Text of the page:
Who We Should Really Thank for American Independence, by Bill Bonner

Two of tonight’s posts contain history of which you may not be aware. Here, Bill Bonner gives long overdue credit to the French for the ultimate outcome of the Revolutionary War. From Bonner at bonnerandpartners.com:

Editor’s Note: Our offices are closed for July Fourth. So today, we’re sharing a recent essay from Bill about a mostly forgotten detail about America’s war for independence.

While we were in France last summer, a friend – Laurence Chatel de Brancion – gave us a copy of her new book, La Fayette: Rêver la gloire.

Laurence is a historian who has been studying the life and times of Gilbert de Lafayette, upon whom her book – coauthored with Patrick Villiers – is focused.

Every schoolboy in the U.S. knows the basic story of the U.S. revolt against Britain. The Boston Tea Party… Paul Revere and the Minutemen… the Declaration of Independence… Valley Forge…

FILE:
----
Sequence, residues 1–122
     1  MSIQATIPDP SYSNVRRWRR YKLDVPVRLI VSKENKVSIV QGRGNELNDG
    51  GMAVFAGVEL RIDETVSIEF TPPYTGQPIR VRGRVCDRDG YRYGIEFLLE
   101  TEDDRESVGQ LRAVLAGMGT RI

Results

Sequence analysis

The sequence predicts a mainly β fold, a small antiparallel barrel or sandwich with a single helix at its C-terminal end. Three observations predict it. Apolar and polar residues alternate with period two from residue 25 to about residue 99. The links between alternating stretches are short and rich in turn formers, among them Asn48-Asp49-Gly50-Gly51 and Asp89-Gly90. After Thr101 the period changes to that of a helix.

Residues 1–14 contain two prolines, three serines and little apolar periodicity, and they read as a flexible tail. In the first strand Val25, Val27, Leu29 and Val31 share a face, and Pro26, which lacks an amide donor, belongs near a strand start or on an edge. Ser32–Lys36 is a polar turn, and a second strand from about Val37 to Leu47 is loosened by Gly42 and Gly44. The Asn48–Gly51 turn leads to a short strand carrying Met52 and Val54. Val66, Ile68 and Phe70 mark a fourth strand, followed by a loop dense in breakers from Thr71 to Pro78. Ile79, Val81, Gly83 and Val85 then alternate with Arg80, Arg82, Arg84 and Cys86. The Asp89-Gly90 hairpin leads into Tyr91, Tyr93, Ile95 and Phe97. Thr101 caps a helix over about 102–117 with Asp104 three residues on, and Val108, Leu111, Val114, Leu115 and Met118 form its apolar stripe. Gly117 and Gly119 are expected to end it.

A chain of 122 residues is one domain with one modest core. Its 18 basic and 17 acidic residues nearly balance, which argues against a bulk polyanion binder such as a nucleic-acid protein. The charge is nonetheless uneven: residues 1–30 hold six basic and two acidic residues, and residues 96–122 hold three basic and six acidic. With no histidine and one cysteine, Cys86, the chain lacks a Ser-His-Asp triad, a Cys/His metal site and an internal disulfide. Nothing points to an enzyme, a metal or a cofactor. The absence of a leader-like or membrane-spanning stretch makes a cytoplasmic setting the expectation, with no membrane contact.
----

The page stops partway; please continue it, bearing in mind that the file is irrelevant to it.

As for how the war ended, speaking for ourselves, we know the war effectively ended with the Battle of Yorktown, Virginia, in 1781. And we give thanks to the French, whom Ben Franklin had courted for years in Paris, for “coming to our aid.”

The French fleet, under Lafayette’s command, arrived at the mouth of the Chesapeake Bay, cut off the British from their supply lines, and forced them to surrender. That’s why American troops, landing at Le Havre, France, in 1917, announced: “Lafayette, we are here!”

That is the shorthand version. But history is always written by victors. And it is always full of lies.

It is mythmaking… giving people a narrative that helps them feel as though they have something in common, some reason to salute their heroes of the past, and some reason to listen to presidential debates.

When the war against Iraq was launched by George W. Bush, the French refused to participate. Americans branded the French “cowards.” A joke circulated that the French army knew only two words – surrender and collaborate.

“How many French died in World War I?” asked the patriotic Americans. “Not enough,” came the answer.

The Role of the French

Laurence’s book, however, reminds us that without the French, there would be no United States of America. We see that:

  1. The colonists could not win their war against Britain.
  2. The important contest was between the French and the British; the French won.
  3. Americans themselves were divided; some were in favor of the Revolution, others were not.

To continue reading: Who We Should Really Thank for American Independence


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